Active Open Loop
Open-loop active load pull relies on external signal sources to inject a signal into the output of the DUT, thereby creating a2. The simple active tuning chain consists of the signal source, a variable phase shifter, and a variable gain stage, which are normally integrated within commercially available signal generators. With active load-pull techniques, harmonic load-pull tuning is simplified since a multiplexer can be used to merge multiple active tuning paths, one per frequency. Any losses inherent within the multiplexers or other parts of the measurement network are easily overcome by the amplifiers used within the active tuning chain.
Unlike the closed-loop system, these amplifiers do not have to be linear since the user specified reflection coefficient is reached using an iterative step process within the control software. The benefits of active open-loop systems are similar to those of closed-loop systems: fast tuning, high-gamma tuning, and ease of integration with on-wafer measurement systems. As the name suggests, open-loop systems have another advantage over closed-loop systems: there is no feedback path and therefore no chance of tuning- loop oscillation.
Disadvantages center on speed and cost. Since iterations are required to set the desired reflection coefficient, measurement speed can be an issue. The cost of system amplifiers is another hurdle, although this can usually be overcome through the use of broad-band impedance transformers. Overall, open-loop active load pull systems tune quickly, are capable of GL >= 1, and can offer ease of integration.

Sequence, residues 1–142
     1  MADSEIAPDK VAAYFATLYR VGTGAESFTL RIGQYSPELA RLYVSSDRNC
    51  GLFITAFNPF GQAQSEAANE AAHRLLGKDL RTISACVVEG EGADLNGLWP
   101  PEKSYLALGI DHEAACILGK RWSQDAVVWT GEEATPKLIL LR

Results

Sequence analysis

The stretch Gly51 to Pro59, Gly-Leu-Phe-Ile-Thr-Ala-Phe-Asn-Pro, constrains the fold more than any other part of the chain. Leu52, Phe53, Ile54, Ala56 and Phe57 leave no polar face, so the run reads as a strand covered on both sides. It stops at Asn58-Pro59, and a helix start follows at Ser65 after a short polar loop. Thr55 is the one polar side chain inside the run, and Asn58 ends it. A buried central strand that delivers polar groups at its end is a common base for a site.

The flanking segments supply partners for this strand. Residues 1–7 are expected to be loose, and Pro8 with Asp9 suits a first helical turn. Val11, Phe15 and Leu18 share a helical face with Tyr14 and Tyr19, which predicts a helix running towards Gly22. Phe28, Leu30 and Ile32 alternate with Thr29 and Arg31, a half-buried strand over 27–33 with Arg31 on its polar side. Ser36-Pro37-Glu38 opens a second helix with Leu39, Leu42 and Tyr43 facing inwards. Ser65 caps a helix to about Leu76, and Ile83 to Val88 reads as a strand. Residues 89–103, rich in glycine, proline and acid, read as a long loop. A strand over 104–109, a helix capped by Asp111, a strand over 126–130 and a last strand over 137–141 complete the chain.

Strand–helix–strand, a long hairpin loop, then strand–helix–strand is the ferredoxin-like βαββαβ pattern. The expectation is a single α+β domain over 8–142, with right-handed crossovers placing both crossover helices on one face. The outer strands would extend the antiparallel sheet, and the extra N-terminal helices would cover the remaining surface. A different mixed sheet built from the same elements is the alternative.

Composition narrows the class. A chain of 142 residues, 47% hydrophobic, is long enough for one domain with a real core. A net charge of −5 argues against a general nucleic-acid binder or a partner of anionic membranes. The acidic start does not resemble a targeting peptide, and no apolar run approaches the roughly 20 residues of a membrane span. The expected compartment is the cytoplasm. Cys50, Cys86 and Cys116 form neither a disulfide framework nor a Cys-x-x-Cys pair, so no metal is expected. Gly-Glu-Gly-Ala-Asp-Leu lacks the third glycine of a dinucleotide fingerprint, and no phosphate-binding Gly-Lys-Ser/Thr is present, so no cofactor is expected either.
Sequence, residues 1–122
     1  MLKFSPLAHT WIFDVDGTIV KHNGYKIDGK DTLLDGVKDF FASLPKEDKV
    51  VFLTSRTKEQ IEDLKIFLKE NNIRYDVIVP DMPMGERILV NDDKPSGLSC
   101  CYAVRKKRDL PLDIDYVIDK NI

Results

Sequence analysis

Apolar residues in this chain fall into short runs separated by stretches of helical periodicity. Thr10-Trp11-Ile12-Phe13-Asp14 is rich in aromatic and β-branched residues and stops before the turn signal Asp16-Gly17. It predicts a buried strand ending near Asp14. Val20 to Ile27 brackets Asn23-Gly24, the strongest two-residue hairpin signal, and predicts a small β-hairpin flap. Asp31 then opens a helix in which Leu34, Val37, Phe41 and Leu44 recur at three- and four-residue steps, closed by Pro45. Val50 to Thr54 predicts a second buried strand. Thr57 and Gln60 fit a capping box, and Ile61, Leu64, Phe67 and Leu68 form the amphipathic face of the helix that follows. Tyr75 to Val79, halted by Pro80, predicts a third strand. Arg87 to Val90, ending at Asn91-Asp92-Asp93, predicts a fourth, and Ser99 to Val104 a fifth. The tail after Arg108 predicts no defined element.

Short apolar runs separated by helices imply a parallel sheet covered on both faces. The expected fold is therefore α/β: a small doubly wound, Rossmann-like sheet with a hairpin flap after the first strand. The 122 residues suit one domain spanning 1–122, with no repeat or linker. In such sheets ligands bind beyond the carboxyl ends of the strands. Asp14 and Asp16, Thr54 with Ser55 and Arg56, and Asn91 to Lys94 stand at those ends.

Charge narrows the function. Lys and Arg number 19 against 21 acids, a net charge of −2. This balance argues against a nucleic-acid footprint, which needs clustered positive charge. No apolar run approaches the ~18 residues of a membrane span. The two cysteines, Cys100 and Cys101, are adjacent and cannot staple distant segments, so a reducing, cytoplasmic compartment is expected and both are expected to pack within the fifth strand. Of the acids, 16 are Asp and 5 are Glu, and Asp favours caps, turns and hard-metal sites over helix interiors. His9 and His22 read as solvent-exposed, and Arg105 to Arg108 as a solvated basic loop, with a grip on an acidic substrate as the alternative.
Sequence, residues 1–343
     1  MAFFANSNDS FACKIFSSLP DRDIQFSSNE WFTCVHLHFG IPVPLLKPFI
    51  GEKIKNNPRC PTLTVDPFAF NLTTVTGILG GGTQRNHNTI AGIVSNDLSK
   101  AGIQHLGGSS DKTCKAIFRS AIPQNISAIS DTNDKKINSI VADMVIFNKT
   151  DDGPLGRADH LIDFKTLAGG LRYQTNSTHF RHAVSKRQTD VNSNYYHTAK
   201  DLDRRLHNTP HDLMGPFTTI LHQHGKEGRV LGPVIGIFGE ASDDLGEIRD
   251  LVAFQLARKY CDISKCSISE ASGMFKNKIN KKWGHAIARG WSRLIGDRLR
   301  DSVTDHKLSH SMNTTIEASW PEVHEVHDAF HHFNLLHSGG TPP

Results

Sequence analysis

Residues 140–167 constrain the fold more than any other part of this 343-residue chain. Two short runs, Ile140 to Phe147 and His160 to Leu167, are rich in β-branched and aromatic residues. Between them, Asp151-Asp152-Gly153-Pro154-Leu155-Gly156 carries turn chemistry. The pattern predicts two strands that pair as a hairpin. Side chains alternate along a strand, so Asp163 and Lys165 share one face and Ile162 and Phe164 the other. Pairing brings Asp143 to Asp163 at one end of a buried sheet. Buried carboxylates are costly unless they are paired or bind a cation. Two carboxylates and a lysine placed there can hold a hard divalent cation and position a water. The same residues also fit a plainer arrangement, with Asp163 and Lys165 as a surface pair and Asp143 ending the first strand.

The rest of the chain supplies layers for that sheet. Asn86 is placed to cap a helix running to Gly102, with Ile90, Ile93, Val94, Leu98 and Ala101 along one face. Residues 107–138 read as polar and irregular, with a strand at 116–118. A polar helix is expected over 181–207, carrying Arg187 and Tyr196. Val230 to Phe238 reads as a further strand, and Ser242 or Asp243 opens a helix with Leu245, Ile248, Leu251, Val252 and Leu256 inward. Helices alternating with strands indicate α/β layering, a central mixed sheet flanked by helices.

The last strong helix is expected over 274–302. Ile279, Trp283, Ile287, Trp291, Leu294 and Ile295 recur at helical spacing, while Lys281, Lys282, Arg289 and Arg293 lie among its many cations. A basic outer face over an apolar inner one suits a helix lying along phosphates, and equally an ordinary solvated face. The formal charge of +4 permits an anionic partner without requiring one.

Hybrid Load Pull
The hybrid load-pull system offers the advantages of passive and active load-pull approaches while having the potential to minimize the disadvantages of both. Hybrid load pull refers to a combination of active and passive tuning within the same system.
Traditional passive mechanical tuners can be used to reflect high power at the fundamental frequency allowing a much smaller active injection signal, using much smaller amplifiers, to overcome the system losses and achieve GL = 1.
Since the power levels of harmonic frequencies are often well below the power of the fundamental signal, lower power amplifiers can be used with active tuning to accomplish active harmonic load pull. Both cases require only low power levels for active tuning. One thing to remember is that such systems typically have the same problems of uncontrolled out of band impedance presenting potential stability issues.
Passive, Hybrid or Active, which method to use?
Ultimately that depends upon what you are trying to achieve. As you can see each approach has its positive and negative points. With the desire to push the efficiency boundaries than harmonic tuning, would appear, to have a greater role to play in device characterization and test.
Let’s hear your thoughts on which methods you are employing and why you see benefit in either sticking with it, or the potential to try alternative approaches.